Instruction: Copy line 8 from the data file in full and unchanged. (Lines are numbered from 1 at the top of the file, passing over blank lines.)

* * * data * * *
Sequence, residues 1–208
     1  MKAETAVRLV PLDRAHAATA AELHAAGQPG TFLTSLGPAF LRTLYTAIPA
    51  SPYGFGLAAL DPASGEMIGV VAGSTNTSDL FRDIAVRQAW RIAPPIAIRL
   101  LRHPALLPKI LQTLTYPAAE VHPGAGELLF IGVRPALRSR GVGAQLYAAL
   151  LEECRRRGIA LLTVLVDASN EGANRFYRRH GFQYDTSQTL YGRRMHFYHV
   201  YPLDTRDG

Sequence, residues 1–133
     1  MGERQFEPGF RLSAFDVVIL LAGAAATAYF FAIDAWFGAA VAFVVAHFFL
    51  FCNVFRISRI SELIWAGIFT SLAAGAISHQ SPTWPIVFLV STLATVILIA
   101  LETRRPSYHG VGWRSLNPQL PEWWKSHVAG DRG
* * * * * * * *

     1  MGERQFEPGF RLSAFDVVIL LAGAAATAYF FAIDAWFGAA VAFVVAHFFL